Pollenca, Majorca

| December 25, 2011
Pollenca, Majorca

Founded by the Romans in the foothills of the Serra de Tramuntana, Pollen has retained much of its old-world charm with narrow, twisting streets, some good restaurants and a lively Sunday market. The remains left by the town’s founders include Pont Romu, a bridge spanning the banks of the Torrente de Sant Jordi river, at the north end of town. After 1229, the Knights Templar began the building of the parish church of Nostra Senyora dels Angels. Continue Reading

Calvia, Majorca

| December 23, 2011
Calvia, Majorca

This quiet little town in the foothills of the Serra de Tramuntana mountains is the administrative centre of Calvia Province, which includes the resorts from Ses Illetes to Santa Ponca. Continue Reading

Cabrera Island National Park

| December 21, 2011
Cabrera Island National Park

Cabrera (“goat island”) lies just 18 km (11 miles) from mainland Mallorca. A rocky, bare place and virtually uninhabited, it nevertheless has a rich history. It served as a prison camp during the Napoleonic War and was used as a base by Barbary pirates. Since 1991, Cabrera Island, together with an archipelago of 157 sq km (60 sq miles), has been designated a national park. This protection extends not only to rare species of plants, but also includes the surrounding marine life. Continue Reading

Ibiza gastronomy

| December 20, 2011
Ibiza gastronomy

The greatest pleasure that exists for the Ibicencos is the enjoyment of food. They feel genuine devotion to fresh and natural products and, in earlier times it was impossible to see a house that was not self-sufficient from its own garden, its fruit trees and its livestock. Even today, many homes keep this tradition alive. Continue Reading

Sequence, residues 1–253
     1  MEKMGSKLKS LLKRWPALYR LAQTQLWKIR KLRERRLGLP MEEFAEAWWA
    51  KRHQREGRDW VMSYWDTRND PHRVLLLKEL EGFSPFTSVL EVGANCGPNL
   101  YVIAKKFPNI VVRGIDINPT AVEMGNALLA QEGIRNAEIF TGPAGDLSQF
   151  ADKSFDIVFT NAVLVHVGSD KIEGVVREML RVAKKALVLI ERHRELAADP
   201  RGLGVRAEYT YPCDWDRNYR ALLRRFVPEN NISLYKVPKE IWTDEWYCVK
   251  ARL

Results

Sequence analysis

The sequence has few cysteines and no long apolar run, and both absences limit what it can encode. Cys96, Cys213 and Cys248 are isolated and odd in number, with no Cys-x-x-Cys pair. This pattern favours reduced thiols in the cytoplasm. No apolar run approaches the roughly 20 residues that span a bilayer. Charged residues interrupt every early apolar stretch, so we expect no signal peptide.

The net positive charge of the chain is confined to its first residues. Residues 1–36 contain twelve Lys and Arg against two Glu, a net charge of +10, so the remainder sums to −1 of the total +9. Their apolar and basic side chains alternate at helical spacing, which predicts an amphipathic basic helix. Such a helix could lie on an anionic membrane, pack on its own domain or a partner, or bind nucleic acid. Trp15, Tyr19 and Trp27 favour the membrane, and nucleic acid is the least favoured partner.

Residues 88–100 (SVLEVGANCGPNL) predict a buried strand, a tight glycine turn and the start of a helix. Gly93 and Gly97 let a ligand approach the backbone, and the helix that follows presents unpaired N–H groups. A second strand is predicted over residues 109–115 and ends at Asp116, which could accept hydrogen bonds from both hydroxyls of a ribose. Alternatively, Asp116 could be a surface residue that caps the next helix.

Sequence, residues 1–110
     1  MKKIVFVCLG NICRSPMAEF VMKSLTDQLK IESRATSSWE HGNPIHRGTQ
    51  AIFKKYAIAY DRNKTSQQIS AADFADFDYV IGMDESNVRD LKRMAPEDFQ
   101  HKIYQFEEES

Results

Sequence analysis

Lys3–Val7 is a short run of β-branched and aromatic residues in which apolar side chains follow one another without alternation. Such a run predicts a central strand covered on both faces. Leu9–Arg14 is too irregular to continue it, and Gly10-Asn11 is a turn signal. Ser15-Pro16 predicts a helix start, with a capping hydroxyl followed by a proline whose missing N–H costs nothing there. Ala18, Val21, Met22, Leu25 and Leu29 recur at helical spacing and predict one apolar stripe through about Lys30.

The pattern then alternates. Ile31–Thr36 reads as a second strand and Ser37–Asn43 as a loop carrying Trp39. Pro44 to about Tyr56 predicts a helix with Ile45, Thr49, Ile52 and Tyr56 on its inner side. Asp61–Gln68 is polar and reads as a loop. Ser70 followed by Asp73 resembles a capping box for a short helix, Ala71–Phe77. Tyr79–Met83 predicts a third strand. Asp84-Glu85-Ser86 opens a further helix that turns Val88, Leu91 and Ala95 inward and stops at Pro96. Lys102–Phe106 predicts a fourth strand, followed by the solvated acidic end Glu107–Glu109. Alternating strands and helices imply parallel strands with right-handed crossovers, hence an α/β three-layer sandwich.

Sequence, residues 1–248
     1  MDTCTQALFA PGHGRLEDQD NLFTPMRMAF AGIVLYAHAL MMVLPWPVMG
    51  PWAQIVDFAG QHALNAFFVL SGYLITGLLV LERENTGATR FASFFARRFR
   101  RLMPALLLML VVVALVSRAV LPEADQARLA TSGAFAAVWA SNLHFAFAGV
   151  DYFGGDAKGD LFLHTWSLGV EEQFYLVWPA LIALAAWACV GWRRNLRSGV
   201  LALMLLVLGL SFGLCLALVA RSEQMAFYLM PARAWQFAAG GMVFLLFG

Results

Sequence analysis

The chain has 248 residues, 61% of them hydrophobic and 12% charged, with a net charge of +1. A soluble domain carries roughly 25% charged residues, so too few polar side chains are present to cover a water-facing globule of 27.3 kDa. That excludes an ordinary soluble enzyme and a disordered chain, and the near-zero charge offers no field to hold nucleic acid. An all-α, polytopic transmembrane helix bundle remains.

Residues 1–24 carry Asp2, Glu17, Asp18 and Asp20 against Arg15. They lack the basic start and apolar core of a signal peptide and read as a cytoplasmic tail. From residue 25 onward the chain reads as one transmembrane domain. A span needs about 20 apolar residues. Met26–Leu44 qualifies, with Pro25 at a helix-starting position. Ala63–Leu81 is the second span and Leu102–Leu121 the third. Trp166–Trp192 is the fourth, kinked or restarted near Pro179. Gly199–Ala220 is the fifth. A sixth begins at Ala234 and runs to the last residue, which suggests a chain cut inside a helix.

Things to do in Alcudia, Majorca

| December 19, 2011
Things to do in Alcudia, Majorca

The wonderful city of Alcúdia, encompassed by 14th-century walls, is situated at the base of the peninsula separating Pollen Bay from Alcúdia Bay on the island of Majorca. Continue Reading

Arenal d’en Castell, Menorca

| December 17, 2011
Arenal d’en Castell, Menorca

Arenal d’en Castell is a laid-back, restful resort popular with British families and is a far cry from the over-developed, busy resorts of Majorca. Continue Reading

North western coast of Majorca

| December 15, 2011
North western coast of Majorca

The northern slopes of the Serra de Tramuntana provide some magnificent views and a wonderful sense of isolation. Andratx and Valldemossa have a number of interesting historic sights but it is the scenery of the rugged coastline, which manages to be both sinister and beautiful, that is most impressive. The route is dramatic, traversing tunnels and gorges, but it is not difficult, except for the approach to Port d’es Canonge and Port de Valldemossa. It can be covered in a single day. If you are fit, you could even cycle. Continue Reading